For severe cases, surgery may be necessary. Surgery is typically only an option when all other treatments fail. However, if there’s loss of bowel or bladder control, or a progressive neurological loss, surgery becomes an emergency option.
A discectomy relieves pressure from a nerve root pressed on by a bulging disc or bone spur. Surgeon will remove a small piece of the lamina, a bony a part of the vertebral canal .
A foraminotomy may be a surgery that exposes the foramen, the bony hole within the spinal canal where the nerve root exits.
There is a therapy also named Intradiscal electrothermal therapy (IDET) it involves inserting a needle through a catheter into the disc and heating it up for 20 minutes. This makes the disc wall thicker and cuts down on the inner disc’s bulging and irritation of the nerve.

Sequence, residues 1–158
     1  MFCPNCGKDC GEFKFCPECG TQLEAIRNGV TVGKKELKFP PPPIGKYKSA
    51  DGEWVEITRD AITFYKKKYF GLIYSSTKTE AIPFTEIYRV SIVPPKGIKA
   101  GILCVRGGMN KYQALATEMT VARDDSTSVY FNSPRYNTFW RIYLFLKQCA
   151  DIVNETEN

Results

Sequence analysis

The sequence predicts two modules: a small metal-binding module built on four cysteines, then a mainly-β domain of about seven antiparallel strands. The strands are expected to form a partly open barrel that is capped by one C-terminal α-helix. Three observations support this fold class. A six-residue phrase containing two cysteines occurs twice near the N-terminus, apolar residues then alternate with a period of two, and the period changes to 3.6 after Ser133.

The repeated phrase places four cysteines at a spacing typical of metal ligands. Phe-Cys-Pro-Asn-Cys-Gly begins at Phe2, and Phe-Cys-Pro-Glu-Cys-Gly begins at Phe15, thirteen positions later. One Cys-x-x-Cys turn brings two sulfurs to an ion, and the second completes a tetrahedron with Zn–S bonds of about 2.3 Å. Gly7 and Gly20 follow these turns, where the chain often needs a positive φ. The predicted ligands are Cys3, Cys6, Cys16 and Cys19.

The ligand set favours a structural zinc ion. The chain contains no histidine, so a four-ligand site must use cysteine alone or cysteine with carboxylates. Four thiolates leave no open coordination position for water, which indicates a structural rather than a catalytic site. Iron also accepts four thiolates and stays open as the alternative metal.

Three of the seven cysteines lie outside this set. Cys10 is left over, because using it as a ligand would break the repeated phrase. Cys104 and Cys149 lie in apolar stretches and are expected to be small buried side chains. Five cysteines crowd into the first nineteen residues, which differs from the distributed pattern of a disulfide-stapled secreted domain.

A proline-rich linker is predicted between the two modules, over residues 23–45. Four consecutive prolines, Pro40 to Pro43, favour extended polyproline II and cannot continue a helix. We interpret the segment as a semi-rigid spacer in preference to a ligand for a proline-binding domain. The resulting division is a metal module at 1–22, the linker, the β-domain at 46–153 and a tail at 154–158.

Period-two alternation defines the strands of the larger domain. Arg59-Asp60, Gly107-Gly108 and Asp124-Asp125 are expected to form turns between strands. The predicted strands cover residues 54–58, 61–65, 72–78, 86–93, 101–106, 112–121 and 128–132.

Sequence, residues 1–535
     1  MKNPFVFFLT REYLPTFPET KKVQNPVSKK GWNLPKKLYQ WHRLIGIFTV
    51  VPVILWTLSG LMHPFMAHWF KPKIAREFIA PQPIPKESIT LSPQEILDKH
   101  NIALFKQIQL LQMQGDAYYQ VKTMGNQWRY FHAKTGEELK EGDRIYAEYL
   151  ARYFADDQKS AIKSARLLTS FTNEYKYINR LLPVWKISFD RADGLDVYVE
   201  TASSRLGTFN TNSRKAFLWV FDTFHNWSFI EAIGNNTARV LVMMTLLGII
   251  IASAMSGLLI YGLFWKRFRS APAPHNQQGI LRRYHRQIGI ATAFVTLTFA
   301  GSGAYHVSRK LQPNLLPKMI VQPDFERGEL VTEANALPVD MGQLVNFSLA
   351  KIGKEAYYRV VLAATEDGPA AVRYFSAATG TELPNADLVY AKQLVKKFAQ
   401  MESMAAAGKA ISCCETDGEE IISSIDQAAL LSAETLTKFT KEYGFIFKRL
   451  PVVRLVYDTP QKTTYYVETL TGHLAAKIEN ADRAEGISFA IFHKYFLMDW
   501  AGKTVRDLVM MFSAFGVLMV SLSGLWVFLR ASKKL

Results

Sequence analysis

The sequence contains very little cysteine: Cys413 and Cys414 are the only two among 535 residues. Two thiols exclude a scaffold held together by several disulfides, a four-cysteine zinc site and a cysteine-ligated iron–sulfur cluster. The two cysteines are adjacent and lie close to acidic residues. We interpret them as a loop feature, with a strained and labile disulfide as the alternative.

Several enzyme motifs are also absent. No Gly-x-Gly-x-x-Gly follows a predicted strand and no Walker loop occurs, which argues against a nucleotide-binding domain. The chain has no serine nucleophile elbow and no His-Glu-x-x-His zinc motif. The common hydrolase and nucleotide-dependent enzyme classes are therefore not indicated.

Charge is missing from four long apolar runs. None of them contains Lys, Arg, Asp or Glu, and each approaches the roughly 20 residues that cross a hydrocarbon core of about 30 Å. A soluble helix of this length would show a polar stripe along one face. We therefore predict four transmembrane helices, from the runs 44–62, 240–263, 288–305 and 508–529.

A spinal laminectomy, also known as spinal decompression, removes the lamina to make the size of the spinal canal bigger. This relieves pressure on the spinal cord and nerves.
How can I prevent low back pain?
There are some ways to stop low back pain. Practicing prevention techniques can also help lessen the severity of your symptoms if you've got a lower back injury.
- exercising the muscles in your abdomen and back
- losing weight if you’re overweight
- lifting items properly by bending at the knees and lifting with the legs
- maintaining proper posture
You may also want to:
- sleep on a firm surface
- sit on supportive chairs that are at the correct height
- avoid high-heeled shoes
- quit smoking, if you smoke
Nicotine causes degeneration of spinal discs and also reduces blood flow.
Call your doctor and tell him/her about your lower back pain. They can diagnose the cause and help you create a treatment plan that works best for you.